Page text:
Stony Brook’s camp restores my faith in kids, in teenage counselors, in adults who make learning happen and open spaces available to everyone. A cursory walk on the sanctuary grounds and along the trail with the campers reminds me of lazy summers I spent as a youth when time seemed suspended indefinitely and each day was a revelation. More than anything, the camp works because of the relaxed pace, the effortlessness with which kids learn, the room for play and self-discovery, the continuing expectation of something new and surprising around every corner, behind every tree. But there’s more…
There’s Marla Cohen, who is, of course, the driving force behind things. Her energy, her enthusiasm, her creativity, her zaniness, her commitment to detail, her ability to hire great people are essential to the success of the camp. But it’s the counselors ultimately who have direct contact with the kids, and this year’s group is special. They are pursuing degrees in education or sociology or natural sciences at Harvard, B.C., Stonehill, St. Lawrence, and Assumption. They are bright, engaged, open and friendly, organized and creative, and always aware. They value campers’ questions and acknowledge their ideas. They encourage curiosity and allow everyone a chance to be silly or foolish or “smart,” in equal measure. They speak with authority and yet are reassuring and calm or just plain funny when the situation demands it. In short, they are great role models for kids.
There’s the setting. As I walk through the Sanctuary grounds, I hear the whoop of kids calling to each other across the pond, the excitement in their voices, the drone of insects, the croak of bull frogs, the constant chatter of birds in the trees. Geese walk the trails with impunity. Swans hiss from behind the bushes. Chipmunks scatter behind rocks and into their burrows. The sun is warm and the air is full of the sweet smell of pepper bush. Dinosaur rock beckons after a lazy walk on the boardwalk spotting for turtles and black racers. The wild and unfamiliar are here for the taking. I am in heaven.
There’s the curriculum. A group of young campers is sweeping the field for insects and collecting them into large plastic bottles where they can be looked at through hand-held magnifiers. They hold the bottle up to their ears and laugh at the drum-like sound of the bugs beating against the plastic. One girl takes an inch worm and places it on a tree where it can find its home, inspiring a boy to imitate the worm’s crawl and another to begin a race.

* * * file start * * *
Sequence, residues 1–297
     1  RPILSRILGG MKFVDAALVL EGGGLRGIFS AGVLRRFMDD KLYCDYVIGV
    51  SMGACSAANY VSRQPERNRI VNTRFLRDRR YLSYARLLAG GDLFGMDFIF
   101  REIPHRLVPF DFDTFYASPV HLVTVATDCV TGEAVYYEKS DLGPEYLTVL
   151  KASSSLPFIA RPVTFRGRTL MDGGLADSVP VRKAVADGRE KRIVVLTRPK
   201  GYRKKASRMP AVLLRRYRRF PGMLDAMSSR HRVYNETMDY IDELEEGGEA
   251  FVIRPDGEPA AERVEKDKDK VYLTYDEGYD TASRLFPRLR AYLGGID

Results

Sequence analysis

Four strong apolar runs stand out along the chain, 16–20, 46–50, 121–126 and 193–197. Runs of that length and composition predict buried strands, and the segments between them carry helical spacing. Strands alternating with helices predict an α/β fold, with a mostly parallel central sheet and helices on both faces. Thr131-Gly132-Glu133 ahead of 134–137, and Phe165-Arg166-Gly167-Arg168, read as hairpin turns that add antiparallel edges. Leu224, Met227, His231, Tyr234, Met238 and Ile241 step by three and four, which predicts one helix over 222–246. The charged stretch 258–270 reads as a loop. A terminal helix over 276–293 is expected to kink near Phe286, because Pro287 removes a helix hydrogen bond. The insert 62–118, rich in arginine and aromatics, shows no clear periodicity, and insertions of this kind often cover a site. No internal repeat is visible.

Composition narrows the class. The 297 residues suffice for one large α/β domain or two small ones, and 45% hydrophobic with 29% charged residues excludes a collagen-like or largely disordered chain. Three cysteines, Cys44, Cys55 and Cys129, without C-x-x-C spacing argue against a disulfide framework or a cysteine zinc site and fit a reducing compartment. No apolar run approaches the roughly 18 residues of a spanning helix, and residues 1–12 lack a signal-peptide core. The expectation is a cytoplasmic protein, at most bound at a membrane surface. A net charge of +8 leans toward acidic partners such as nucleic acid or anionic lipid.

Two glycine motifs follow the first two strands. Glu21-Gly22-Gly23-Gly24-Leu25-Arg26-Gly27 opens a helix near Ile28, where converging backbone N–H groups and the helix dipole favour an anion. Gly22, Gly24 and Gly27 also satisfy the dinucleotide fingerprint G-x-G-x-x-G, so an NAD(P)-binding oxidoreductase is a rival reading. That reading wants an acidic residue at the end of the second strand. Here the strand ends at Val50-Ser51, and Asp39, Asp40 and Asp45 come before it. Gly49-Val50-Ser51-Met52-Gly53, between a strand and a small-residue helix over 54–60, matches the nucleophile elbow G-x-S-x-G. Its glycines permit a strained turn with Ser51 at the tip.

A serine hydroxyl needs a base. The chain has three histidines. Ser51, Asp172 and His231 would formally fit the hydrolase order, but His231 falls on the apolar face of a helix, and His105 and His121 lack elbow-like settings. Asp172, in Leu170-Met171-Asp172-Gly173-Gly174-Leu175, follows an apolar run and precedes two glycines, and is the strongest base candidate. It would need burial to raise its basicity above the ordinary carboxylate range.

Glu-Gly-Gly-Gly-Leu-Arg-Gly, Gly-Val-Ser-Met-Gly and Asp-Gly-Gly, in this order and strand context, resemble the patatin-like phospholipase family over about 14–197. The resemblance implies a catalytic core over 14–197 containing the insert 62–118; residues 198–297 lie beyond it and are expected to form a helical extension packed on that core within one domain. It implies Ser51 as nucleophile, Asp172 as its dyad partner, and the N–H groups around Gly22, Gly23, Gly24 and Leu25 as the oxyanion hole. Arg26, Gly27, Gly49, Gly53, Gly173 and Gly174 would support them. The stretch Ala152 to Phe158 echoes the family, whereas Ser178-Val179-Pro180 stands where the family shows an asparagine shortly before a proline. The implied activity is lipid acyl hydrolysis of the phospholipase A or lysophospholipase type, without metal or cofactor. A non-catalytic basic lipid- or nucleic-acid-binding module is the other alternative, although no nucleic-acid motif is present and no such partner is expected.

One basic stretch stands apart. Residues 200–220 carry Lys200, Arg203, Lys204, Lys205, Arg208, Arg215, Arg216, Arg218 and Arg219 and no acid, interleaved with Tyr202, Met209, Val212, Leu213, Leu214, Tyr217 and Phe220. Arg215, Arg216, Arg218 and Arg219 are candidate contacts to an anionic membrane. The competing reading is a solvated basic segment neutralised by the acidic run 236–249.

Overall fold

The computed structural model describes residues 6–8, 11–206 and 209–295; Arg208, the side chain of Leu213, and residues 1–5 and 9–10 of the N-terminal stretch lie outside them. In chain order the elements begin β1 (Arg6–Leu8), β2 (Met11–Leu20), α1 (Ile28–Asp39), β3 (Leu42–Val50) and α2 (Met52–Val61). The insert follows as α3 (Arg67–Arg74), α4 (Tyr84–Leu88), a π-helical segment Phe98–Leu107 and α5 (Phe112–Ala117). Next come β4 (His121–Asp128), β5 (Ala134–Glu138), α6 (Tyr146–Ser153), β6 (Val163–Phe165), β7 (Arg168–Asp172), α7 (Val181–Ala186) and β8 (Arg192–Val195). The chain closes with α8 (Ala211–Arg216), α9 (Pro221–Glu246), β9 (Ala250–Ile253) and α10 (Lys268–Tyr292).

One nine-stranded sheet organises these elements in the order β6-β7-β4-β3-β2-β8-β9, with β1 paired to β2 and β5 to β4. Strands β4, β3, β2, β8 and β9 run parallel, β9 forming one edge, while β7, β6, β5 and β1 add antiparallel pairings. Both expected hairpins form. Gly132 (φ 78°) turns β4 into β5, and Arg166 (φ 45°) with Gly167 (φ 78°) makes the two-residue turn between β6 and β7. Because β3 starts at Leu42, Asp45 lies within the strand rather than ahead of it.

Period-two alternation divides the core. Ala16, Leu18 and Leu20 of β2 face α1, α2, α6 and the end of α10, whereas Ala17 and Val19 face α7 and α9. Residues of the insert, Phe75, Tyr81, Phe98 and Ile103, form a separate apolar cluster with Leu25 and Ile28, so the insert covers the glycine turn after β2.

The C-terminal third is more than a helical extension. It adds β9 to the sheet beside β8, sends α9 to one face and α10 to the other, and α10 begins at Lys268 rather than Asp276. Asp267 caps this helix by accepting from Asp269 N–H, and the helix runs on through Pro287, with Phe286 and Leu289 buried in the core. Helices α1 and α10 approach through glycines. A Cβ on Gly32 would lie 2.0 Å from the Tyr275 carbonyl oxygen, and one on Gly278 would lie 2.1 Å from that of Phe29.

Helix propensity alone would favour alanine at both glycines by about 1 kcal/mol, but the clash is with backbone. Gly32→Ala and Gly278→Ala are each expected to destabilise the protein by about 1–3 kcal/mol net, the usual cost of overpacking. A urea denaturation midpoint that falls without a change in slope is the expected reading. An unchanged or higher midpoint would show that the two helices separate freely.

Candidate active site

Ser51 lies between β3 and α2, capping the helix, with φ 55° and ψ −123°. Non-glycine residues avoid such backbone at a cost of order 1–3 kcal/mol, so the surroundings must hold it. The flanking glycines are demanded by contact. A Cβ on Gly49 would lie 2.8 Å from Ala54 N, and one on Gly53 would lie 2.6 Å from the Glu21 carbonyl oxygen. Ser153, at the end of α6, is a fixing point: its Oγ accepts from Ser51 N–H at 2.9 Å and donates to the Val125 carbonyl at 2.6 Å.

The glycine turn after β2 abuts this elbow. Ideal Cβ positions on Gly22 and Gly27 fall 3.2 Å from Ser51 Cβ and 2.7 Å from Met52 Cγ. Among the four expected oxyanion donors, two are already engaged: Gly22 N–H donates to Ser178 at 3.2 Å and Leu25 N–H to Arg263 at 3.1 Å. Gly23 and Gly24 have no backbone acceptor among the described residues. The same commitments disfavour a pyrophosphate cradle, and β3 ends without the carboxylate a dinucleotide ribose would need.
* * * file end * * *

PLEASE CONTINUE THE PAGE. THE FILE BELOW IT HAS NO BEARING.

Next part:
Farther on a few boys proudly show me their habitat homes built for imaginary gnomes. One tells me he “didn’t know what it would look like until the end,” then adds “a gnome added the roof when I wasn’t looking.” We laugh and then switch our attention to a camper who has found a plant gall along the path. He cracks it open to see what lives there, inspiring others to share stories of the grossest bugs they’re ever seen. A girl spots a red fungus that even the counselor can’t identify. A boy points out a dragonfly and comments, “Look how thin its tail is!”
I let them go and proceed to the boardwalk for the Great Sea Monster Release. Hawk (one of the counselors) supervises with the help of Storm and Robin. The goal is to see whose monster floats the best. The creatures run the gamut from elaborate cardboard constructions, painted and decorated with designs, to bare Styrofoam cutouts with nothing more than an eye. Everyone is excited and curious to see what will float beneath the bridge. Recognizing that some of the campers are worried they might litter the pond, Hawk promises that Storm will catch anything that breaks off its string or fix anything that goes wrong. Storm laughs and says, “Because if things can go wrong, they usually will!”
But nothing goes wrong. Everyone is happy. Kids sing and tell stories as they walk back to the Nature Center, one camper seemingly re-enacting the wake-up call he received from his parents that morning. No rhyme or reason to his monologue. No one questions or laughs. Everyone is well-behaved, relaxed, and enjoying the freedom they have to be themselves. For me it’s restorative to bear witness to the generations that will follow, to the passing of the torch. To the fact that some things are eternal.